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>> The Trump administration this week has traveled to holy sites around the world, a trip which included significant outreach to Muslims. But any goodwill earned on this visit could be undercut after Reuters learned this week that America's top diplomat nixed plans to hold a reception for Ramadan, bucking a nearly 20 year tradition.
The Muslim holy month is marked by fasting during the day, meals at sundown called iftar, and culminates in a feast called eid.>>
> Since 1999, the US State Department has held some sort of event marking the holiday. But according to two officials, this year, Rex Tillerson has denied a request to do so, which could further strain an already fraught relationship between the administration and one of the world's major religions.
Reuters correspondent Yeganeh Torbati.>> The message that it might send for the administration, or for the State Department, to not host a Ramadan related event this year, especially one with the presence of the Secretary of State, or hosted by him, is that the administration, or at least Rex Tillerson, maybe doesn't care as much about reaching out to Muslims.
And that also, of course, is in the context of President Trump's own statements about Muslims, you might remember he called for a Muslim ban during the campaign. His travel ban has been held up in the courts and has been accused by critics of really being a defacto Muslim ban.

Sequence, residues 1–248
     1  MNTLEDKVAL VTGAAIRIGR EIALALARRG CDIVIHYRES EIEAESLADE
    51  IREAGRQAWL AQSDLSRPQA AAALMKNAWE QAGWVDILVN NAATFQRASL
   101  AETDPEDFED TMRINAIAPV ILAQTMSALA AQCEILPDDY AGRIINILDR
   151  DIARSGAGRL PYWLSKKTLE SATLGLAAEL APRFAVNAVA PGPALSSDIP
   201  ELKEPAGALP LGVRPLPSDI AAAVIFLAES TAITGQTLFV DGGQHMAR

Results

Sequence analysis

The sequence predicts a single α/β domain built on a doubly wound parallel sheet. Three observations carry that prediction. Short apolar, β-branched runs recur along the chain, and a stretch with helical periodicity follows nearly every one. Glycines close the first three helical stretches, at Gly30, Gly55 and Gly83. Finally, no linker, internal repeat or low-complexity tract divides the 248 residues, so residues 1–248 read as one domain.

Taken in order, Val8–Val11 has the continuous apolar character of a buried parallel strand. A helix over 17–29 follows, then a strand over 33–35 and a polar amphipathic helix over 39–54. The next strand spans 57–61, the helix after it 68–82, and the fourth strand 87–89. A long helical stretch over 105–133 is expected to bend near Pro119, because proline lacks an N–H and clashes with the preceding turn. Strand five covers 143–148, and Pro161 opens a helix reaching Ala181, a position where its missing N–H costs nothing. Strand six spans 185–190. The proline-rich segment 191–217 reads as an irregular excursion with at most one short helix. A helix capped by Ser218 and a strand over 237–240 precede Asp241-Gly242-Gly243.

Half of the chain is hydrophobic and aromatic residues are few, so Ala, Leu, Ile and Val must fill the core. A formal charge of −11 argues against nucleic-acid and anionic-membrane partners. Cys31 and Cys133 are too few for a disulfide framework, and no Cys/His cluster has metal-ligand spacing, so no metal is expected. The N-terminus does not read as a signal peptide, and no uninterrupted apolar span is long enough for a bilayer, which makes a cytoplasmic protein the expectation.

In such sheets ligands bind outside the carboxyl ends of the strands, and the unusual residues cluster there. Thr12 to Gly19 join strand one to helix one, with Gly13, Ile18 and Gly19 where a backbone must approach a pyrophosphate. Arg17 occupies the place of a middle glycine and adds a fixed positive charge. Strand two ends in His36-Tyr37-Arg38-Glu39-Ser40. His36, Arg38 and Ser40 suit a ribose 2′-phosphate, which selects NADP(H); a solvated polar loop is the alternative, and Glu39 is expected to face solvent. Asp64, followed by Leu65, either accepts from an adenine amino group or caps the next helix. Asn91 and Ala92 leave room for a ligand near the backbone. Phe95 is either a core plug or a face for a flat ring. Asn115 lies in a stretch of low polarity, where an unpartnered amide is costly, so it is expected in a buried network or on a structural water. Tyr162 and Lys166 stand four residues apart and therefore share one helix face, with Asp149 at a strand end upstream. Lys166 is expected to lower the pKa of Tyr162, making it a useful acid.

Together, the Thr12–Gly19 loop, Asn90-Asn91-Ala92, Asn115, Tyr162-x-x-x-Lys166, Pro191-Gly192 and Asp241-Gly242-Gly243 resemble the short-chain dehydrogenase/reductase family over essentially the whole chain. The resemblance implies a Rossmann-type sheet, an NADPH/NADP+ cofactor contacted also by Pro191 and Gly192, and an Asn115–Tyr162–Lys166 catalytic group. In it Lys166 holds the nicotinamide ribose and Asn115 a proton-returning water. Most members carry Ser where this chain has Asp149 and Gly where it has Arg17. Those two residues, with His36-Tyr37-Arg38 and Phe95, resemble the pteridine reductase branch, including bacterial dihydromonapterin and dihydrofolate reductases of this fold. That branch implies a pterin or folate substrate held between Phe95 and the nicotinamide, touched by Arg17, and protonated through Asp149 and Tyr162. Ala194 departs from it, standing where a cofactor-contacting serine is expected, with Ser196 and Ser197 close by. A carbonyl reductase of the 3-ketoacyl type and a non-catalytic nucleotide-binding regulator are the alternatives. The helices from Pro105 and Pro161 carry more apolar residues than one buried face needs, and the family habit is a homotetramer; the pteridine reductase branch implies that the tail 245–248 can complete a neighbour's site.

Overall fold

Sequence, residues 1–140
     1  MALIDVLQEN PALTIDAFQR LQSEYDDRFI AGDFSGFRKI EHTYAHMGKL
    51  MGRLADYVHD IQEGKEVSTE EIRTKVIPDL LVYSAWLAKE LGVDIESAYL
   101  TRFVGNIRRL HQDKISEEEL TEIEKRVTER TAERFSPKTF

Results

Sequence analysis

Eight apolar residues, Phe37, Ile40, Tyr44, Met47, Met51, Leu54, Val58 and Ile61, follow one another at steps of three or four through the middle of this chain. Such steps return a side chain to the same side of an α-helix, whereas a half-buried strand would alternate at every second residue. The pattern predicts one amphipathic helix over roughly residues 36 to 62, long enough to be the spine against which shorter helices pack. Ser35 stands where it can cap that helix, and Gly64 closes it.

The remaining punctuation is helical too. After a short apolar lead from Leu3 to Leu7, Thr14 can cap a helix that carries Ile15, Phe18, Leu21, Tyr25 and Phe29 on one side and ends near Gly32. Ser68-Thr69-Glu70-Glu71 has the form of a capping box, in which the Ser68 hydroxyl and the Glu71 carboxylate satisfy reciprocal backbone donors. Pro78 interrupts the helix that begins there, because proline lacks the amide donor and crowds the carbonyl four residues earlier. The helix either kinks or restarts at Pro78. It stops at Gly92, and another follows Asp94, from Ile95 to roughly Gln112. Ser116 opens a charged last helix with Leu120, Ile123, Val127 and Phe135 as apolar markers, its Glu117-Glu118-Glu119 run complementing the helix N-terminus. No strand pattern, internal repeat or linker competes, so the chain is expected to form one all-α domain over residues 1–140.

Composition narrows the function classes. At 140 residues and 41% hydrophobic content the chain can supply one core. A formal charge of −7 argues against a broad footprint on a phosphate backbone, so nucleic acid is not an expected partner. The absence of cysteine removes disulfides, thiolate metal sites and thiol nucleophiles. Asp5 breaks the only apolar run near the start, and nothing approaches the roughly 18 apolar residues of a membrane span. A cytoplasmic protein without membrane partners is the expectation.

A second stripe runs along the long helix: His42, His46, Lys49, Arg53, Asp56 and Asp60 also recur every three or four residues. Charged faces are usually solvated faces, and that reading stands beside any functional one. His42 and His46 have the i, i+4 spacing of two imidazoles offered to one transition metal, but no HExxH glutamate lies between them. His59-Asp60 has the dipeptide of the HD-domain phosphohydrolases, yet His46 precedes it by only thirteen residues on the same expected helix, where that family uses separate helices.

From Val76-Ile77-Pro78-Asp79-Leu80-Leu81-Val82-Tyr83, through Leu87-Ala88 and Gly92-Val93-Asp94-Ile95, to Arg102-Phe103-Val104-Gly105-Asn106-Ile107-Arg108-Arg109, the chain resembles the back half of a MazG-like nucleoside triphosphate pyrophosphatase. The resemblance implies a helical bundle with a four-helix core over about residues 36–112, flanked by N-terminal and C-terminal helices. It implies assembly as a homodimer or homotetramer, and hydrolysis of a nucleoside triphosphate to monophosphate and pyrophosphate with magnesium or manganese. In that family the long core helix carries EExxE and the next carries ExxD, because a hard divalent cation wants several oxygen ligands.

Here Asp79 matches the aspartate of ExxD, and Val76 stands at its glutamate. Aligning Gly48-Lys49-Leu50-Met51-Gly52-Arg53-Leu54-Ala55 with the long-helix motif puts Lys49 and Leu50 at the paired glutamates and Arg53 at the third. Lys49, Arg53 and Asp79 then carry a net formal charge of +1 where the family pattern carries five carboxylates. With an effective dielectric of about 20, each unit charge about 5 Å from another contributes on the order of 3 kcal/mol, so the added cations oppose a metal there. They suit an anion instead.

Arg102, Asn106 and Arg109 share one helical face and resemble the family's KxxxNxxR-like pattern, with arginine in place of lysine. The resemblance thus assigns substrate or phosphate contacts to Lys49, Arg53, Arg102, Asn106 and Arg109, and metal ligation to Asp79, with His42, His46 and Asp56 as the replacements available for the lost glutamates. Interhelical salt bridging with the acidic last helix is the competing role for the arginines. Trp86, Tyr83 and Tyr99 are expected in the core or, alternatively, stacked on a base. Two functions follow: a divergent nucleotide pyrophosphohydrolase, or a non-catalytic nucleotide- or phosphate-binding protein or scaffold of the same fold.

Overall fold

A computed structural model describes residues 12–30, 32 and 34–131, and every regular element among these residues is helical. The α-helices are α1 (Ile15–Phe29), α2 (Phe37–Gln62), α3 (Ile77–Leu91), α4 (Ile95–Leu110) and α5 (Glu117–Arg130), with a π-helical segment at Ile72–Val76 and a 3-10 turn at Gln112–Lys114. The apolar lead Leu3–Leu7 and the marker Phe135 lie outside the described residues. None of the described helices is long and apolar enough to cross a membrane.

>> Despite the rhetoric, President Trump and Secretary of State Tillerson Friday released statements honoring Ramadan. Tillerson writing that, quote, Ramadan is a month of reverence, generosity, and self-reflection. Trump also wishing Muslims a blessed month, but breaking with prior President's messages by referring to recent attacks committed in the name of Islam.
Noting, quote, barbaric terrorist attacks in the United Kingdom and Egypt, acts of depravity that are directly contrary to the spirit of Ramadan. A State Department spokesman telling Reuters that they are still exploring possible options for observance of eid.